'Total return is the amount of value an investor earns from a security over a specific period, typically one year, when all distributions are reinvested. Total return is expressed as a percentage of the amount invested. For example, a total return of 20% means the security increased by 20% of its original value due to a price increase, distribution of dividends (if a stock), coupons (if a bond) or capital gains (if a fund). Total return is a strong measure of an investment’s overall performance.'

Using this definition on our asset we see for example:- The total return, or increase in value over 5 years of American Electric Power is 14.1%, which is lower, thus worse compared to the benchmark SPY (88.1%) in the same period.
- During the last 3 years, the total return, or performance is 0.3%, which is lower, thus worse than the value of 26.1% from the benchmark.

'The compound annual growth rate (CAGR) is a useful measure of growth over multiple time periods. It can be thought of as the growth rate that gets you from the initial investment value to the ending investment value if you assume that the investment has been compounding over the time period.'

Applying this definition to our asset in some examples:- Looking at the compounded annual growth rate (CAGR) of 2.7% in the last 5 years of American Electric Power, we see it is relatively lower, thus worse in comparison to the benchmark SPY (13.5%)
- Compared with SPY (8.1%) in the period of the last 3 years, the annual return (CAGR) of 0.1% is lower, thus worse.

'Volatility is a statistical measure of the dispersion of returns for a given security or market index. Volatility can either be measured by using the standard deviation or variance between returns from that same security or market index. Commonly, the higher the volatility, the riskier the security. In the securities markets, volatility is often associated with big swings in either direction. For example, when the stock market rises and falls more than one percent over a sustained period of time, it is called a 'volatile' market.'

Applying this definition to our asset in some examples:- Compared with the benchmark SPY (20.9%) in the period of the last 5 years, the historical 30 days volatility of 24.5% of American Electric Power is higher, thus worse.
- During the last 3 years, the volatility is 20.6%, which is higher, thus worse than the value of 17.3% from the benchmark.

'Risk measures typically quantify the downside risk, whereas the standard deviation (an example of a deviation risk measure) measures both the upside and downside risk. Specifically, downside risk in our definition is the semi-deviation, that is the standard deviation of all negative returns.'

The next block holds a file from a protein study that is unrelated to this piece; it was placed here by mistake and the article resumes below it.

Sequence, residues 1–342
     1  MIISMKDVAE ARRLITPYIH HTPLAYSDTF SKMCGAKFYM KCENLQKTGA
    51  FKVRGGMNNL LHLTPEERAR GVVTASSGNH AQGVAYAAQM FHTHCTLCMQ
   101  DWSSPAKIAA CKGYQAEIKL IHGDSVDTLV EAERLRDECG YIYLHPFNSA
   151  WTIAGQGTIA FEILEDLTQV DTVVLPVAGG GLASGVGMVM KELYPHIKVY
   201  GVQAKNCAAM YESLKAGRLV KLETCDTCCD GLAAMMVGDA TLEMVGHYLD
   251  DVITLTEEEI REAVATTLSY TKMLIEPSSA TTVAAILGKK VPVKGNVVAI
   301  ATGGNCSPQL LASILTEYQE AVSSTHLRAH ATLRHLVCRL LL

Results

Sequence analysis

Using this definition on our asset we see for example:- Looking at the downside risk of 17.4% in the last 5 years of American Electric Power, we see it is relatively higher, thus worse in comparison to the benchmark SPY (15%)
- Looking at downside deviation in of 14.7% in the period of the last 3 years, we see it is relatively larger, thus worse in comparison to SPY (12.1%).

'The Sharpe ratio was developed by Nobel laureate William F. Sharpe, and is used to help investors understand the return of an investment compared to its risk. The ratio is the average return earned in excess of the risk-free rate per unit of volatility or total risk. Subtracting the risk-free rate from the mean return allows an investor to better isolate the profits associated with risk-taking activities. One intuition of this calculation is that a portfolio engaging in 'zero risk' investments, such as the purchase of U.S. Treasury bills (for which the expected return is the risk-free rate), has a Sharpe ratio of exactly zero. Generally, the greater the value of the Sharpe ratio, the more attractive the risk-adjusted return.'

Which means for our asset as example:- Compared with the benchmark SPY (0.52) in the period of the last 5 years, the ratio of return and volatility (Sharpe) of 0.01 of American Electric Power is lower, thus worse.
- Looking at ratio of return and volatility (Sharpe) in of -0.12 in the period of the last 3 years, we see it is relatively lower, thus worse in comparison to SPY (0.32).

'The Sortino ratio, a variation of the Sharpe ratio only factors in the downside, or negative volatility, rather than the total volatility used in calculating the Sharpe ratio. The theory behind the Sortino variation is that upside volatility is a plus for the investment, and it, therefore, should not be included in the risk calculation. Therefore, the Sortino ratio takes upside volatility out of the equation and uses only the downside standard deviation in its calculation instead of the total standard deviation that is used in calculating the Sharpe ratio.'